Charge The World: Fabrication of Perovskite Compound Solar Cell
By Justin Du
Intermediate Category (Grades 9-10)
Innovation | Engineering and Computer Science
Development of renewable energies, more specifically the exponential potential that solar energy brings, is in an imbalance with the ever urgent attention-needing crisis that is climate change and global warming. In the twelve years before global temperatures surpass the 1.5°C increase threshold, a solution must be found to alleviate the continuous outpour of greenhouse gases.
This two-year project aims to expand and develop a novel solar technology that utilizes perovskite compounds, an inexpensive and easily manufactured material. This first year was dedicated to learning the methods of cell production and functionality of solar technologies. Following the production of control cells, developments in fabricating fully transparent cells will be explored in the subsequent year. With the help of a mentor and laboratory space at 4D Labs, Simon Fraser University, a standard perovskite cell was created referencing and American-Korean-Chinese collaboration paper.
In the specific configuration, 5 layers are stacked on a glass substrate, each with its own function. They can be grouped into several categories: the electrodes (Ag, ITO), transport layers (SnO2, spiro-OMeTAD), and active layer (CH3NH3PBI3). The use of a graph digitizer allowed numerical values for graphs in the referenced paper to be extracted, which will be used for comparisons in the future. This methylammonium lead triiodide (MAI) cell was reported to reach a record power conversion efficiency of 17% and 20% with and without polymers, respectively in the referenced paper. Additionally, after testing and comparing, it was found that perovskite cells were more favored in terms of power output than silicon ones; they were both able to generate similar voltages, but the MAI cell performed at a much higher current.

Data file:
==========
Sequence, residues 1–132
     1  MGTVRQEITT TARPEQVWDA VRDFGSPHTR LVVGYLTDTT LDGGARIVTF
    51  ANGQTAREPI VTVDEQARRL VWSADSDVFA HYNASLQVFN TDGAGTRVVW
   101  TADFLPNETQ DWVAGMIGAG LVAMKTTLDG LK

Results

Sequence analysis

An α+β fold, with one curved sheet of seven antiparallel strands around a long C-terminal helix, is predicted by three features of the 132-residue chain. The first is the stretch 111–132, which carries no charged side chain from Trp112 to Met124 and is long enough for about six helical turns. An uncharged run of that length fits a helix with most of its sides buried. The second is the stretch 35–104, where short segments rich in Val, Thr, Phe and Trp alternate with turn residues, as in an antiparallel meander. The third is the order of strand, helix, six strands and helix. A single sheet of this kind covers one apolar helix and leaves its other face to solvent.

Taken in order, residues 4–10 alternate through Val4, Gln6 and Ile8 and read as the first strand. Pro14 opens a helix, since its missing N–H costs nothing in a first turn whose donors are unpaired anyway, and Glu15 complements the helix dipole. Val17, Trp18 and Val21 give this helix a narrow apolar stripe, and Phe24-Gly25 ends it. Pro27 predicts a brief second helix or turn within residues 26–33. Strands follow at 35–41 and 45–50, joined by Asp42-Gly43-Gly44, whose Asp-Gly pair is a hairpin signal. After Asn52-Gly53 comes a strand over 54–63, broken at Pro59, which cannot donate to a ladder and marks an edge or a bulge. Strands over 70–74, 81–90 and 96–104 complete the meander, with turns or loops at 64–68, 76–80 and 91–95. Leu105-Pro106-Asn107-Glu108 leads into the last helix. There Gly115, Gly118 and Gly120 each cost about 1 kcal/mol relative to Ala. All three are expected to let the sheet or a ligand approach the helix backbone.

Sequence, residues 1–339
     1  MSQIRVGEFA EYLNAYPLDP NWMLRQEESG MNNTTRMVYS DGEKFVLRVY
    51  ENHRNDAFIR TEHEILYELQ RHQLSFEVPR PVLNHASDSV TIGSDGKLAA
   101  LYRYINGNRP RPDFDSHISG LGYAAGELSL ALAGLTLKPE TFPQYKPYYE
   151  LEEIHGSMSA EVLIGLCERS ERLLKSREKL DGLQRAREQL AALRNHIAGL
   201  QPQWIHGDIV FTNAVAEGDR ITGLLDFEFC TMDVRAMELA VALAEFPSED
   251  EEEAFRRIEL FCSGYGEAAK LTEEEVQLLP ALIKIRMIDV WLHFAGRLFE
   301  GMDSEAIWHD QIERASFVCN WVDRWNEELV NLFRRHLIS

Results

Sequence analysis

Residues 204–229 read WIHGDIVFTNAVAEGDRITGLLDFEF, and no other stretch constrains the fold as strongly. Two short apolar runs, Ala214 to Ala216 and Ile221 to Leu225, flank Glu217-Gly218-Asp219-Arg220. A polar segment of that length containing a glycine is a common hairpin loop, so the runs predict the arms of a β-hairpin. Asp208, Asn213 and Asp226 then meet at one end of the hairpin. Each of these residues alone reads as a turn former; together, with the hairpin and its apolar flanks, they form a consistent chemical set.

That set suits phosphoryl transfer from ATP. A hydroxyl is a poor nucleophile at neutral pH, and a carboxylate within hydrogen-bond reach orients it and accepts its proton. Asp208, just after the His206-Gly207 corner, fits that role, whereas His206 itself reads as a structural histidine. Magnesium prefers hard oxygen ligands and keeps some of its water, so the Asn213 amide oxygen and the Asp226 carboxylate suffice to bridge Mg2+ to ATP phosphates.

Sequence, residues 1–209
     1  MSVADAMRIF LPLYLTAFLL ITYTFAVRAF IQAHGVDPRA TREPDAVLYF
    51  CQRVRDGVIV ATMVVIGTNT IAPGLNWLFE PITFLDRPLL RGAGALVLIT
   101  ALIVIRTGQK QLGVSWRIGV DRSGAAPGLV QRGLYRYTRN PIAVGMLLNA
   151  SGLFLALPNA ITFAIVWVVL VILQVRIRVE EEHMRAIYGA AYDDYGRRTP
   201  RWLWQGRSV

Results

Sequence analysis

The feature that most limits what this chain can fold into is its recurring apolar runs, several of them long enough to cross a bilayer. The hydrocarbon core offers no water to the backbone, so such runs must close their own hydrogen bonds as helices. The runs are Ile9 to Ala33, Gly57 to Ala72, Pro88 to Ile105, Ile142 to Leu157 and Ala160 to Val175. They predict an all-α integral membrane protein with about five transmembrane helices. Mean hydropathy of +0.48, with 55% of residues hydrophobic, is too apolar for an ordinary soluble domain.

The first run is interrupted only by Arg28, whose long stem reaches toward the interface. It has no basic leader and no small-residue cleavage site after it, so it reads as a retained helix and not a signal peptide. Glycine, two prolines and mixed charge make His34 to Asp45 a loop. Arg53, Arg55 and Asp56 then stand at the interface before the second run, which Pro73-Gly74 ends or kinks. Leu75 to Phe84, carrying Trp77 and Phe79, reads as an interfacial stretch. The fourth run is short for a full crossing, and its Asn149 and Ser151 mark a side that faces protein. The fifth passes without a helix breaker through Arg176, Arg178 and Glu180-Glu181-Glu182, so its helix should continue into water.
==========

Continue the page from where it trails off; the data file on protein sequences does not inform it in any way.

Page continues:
Implementations of perovskite technologies are straightforward. If made transparent, these solar cells will be able to transform skyscrapers into “power towers”. Additionally, these technologies are very inexpensive to manufacture as well as simple to produce – one such 3 x 30 cm cell installed would cost around $3,000 – compared to the $4,000-$5,000 cost of a silicon panel that produces similar amounts of electricity. Because transparent cells only require active layers to be at where the sunlight will be concentrated in, costs are reduced while improving simplicity. Production of perovskite cells further bump up its advantages over other types of solar technologies – 4 out of the 5 layers listed above are deposited by spin coating on smaller substrates, but can be substituted for industrial grade deposition machines. This, as a result, allows the manufacturing process to be fully autonomous and reduces the amount of worker population needed, as well as the probability of human-made errors.
Perovskite cells, such as ones outlined and developed in this project, undoubtedly have the opportunity and potential to outgrow existing clean energies as well as cut down on fossil fuel demand. Because of the simplicity of its manufacture, inexpensive costs and proficient power output, these cells solve many problems that other types of solar cells will never answer. Perovskite cells and transparent cell varieties truly have the potential to charge the world.